Text Size

Current Size: 100%

What is a Victim Personal Statement (VPS)

Share by emailShare by email

You have the Right to make a Victim Personal Statement to explain in your own words how a crime has affected you, whether physically, emotionally, financially or in any other way. This is different from a witness statement. The Victim Personal Statement is considered by the judge or magistrate when determining what sentence the defendant should receive and can also help service providers to consider what additional support you and/or your family may require.

If you are a bereaved close relative, you have the Right to make a Victim Personal Statement and the Right to have someone with you when you do so, regardless of whether you have made a witness statement.

To help you decide whether you wish to make one, you have the Right to be provided with information about the Victim Personal Statement process by the police when reporting a crime. If you decide to make a personal statement, you will be asked for your preference about whether you would like to read your statement aloud in court or to have it read on your behalf. You can also request a copy from the police and will be given an opportunity to make an additional personal statement to reflect the changing impact of the crime.

If the defendant pleads guilty, or is found guilty, and you have asked that your statement is read aloud (or played) in court, the judge or magistrate will decide whether and what sections of your personal statement should be read aloud (or played), and who should read it. The judge or magistrate will always take your preference into account when making their decision, unless there is good reason not to do so. The Witness Care Unit will let you know the judge’s or magistrates’ decision.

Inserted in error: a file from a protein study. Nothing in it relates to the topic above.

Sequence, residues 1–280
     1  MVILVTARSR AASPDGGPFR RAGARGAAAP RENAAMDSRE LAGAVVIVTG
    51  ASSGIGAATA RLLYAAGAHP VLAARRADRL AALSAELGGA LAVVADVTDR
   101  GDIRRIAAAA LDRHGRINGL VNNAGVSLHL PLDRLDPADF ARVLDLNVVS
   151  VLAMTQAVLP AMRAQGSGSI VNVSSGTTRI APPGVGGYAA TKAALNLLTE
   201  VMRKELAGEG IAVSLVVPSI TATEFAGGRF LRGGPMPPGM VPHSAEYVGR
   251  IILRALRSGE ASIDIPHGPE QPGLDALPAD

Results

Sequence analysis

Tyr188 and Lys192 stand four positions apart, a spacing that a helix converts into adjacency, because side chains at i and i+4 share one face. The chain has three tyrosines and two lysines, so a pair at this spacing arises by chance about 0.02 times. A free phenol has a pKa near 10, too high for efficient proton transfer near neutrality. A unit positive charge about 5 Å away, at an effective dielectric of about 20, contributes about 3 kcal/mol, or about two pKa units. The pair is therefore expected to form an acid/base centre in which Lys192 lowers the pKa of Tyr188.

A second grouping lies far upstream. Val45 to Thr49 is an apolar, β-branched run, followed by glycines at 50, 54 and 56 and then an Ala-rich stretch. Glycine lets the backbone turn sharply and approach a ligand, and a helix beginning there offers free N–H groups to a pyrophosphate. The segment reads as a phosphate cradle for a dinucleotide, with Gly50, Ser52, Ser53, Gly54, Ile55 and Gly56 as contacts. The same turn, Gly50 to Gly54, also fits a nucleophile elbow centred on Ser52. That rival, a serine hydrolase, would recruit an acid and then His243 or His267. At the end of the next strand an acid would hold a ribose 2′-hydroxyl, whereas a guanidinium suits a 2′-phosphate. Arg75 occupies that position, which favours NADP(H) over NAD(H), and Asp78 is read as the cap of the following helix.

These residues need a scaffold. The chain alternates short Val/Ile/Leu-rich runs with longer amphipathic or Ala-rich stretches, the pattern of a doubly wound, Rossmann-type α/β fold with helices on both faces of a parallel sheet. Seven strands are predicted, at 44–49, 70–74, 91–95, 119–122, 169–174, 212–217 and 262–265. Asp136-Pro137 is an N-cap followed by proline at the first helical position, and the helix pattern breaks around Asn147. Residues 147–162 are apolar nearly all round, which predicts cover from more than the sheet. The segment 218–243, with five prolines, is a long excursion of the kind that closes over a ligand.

You do not have to read your Victim Personal Statement yourself or have it read on your behalf. If at first you choose to have your personal statement read aloud but later decide you do not want this, you can change your mind. Your personal statement will be considered by the judge or magistrate in the same way, whether or not it is read (or played) aloud in court.

In addition to the named point of contact for a business being able to make a Victim Personal Statement, businesses of all sizes can make an Impact Statement for Business. This is similar to a Victim Personal Statement and will be used in the same way in court, but allows the business to explain how a crime has affected it, such as direct financial loss, operational disruption or reputational damage.

The named point of contact has the Right to be provided information about the Impact Statement for Business process by the police when reporting the crime, to help them decide whether the business wishes to make one.

Further information about the Victim Personal Statement and Business Impact Statement process is available from the police and at the government website.